It's spring break and love is in the air. Or is that a blend of Chanel no. 9 and Gucci Rush? Is there a difference?Blair moves in with Serena and they're back to being best friends. But will the love-fest last or will they end up tearing out one anothers newly highlighted hair? And speaking of new, Nate is on the straight and narrow, playing Nate-in-shining-armor to his crazy new girlfriend, Georgie. But he will definitely get more than he bargained for when he, Georgie, Blair, and Serena end up hanging out together in Sun Valley, Idaho. Back in Manhattan, Jenny is spending time with a mysteriously nice new boyfriend and Dan is spending time crying in the office of the Red Letter literary journal. And Vanessa, wait, is that Vanessa shopping at Barneys with a guy in a Lacoste shirt?The long cold winter is over and the sun is finally shining along Fifth Avenue. The trees are in bloom and NYC's most fabulous are ready for a truly outrageous vacation!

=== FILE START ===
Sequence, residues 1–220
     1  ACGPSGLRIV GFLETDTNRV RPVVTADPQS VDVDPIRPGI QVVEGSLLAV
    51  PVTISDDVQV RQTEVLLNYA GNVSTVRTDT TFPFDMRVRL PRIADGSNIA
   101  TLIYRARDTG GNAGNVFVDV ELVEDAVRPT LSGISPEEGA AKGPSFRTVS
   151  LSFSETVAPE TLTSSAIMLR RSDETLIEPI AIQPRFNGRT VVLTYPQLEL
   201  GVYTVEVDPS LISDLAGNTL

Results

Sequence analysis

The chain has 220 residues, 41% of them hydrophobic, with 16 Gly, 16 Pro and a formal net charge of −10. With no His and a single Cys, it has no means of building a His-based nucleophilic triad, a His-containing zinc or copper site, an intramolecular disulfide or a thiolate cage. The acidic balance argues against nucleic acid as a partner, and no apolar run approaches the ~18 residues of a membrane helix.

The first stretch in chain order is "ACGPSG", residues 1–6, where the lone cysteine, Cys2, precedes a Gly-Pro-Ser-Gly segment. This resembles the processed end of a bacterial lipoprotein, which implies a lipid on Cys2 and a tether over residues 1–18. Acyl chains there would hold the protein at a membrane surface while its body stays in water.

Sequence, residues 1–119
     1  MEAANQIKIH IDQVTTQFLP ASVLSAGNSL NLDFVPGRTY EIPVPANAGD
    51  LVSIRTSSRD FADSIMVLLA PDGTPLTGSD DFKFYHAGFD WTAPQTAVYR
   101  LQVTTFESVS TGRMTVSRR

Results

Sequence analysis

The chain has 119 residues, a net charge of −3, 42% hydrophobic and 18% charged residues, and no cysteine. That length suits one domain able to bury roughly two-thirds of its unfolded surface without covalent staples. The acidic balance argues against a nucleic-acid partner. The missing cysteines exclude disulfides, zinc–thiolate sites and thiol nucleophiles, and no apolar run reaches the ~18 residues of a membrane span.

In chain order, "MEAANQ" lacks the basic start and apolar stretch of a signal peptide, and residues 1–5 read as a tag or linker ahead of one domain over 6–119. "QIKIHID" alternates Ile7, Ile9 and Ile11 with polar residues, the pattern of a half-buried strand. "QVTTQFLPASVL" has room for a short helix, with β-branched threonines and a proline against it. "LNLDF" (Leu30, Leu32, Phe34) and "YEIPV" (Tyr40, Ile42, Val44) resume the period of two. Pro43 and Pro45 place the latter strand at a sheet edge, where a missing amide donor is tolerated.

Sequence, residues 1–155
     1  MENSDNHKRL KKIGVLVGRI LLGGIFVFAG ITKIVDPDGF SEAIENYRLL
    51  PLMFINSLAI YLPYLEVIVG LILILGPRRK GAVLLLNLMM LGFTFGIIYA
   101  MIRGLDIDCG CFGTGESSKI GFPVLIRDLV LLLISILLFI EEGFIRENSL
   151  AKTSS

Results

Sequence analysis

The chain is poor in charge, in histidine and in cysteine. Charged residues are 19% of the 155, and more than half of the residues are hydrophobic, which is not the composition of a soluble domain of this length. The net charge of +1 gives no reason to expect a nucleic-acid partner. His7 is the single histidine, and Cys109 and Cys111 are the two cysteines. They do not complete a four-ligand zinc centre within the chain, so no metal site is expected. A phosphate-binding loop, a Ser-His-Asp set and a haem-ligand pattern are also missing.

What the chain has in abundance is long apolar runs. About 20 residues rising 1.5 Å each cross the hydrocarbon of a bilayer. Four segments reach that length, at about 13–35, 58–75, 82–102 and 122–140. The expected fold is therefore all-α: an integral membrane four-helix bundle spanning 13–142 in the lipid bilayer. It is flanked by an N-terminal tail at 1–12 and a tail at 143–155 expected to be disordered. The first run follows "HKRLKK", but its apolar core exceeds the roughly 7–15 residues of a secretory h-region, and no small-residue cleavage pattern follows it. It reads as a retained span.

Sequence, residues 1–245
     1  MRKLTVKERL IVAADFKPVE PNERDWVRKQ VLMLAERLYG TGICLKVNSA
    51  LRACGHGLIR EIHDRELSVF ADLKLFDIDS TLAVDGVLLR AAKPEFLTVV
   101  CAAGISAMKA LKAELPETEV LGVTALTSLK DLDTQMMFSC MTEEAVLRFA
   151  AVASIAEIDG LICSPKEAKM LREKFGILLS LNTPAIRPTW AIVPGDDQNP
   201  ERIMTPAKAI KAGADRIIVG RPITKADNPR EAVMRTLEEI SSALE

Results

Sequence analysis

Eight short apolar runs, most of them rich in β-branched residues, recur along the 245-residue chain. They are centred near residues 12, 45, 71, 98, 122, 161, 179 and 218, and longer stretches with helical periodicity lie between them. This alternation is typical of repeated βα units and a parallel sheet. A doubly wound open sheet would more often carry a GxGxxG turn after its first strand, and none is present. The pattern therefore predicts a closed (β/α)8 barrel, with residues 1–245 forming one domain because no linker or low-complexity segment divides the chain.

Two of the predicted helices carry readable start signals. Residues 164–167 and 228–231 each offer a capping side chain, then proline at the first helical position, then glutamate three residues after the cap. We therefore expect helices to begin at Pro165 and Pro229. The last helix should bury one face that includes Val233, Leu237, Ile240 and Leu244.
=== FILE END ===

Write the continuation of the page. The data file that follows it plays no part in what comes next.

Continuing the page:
I, Robot

by Isaac Asimov

The three laws of Robotics:1) A robot may not injure a human being or, through inaction, allow a human being to come to harm2) A robot must obey orders givein to it by human beings except where such orders would conflict with the First Law.3) A robot must protect its own existence as long as such protection does not conflict with the First or Second Law.With these three, simple directives, Isaac Asimov changed our perception of robots forever when he formulated the laws governing their behavior. In I, Robot, Asimov chronicles the development of the robot through a series of interlinked stories: from its primitive origins in the present to its ultimate perfection in the not-so-distant future--a future in which humanity itself may be rendered obsolete.Here are stories of robots gone mad, of mind-read robots, and robots with a sense of humor. Of robot politicians, and robots who secretly run the world--all told with the dramatic blend of science fact and science fiction that has become Asmiov's trademark. the Hardcover edition.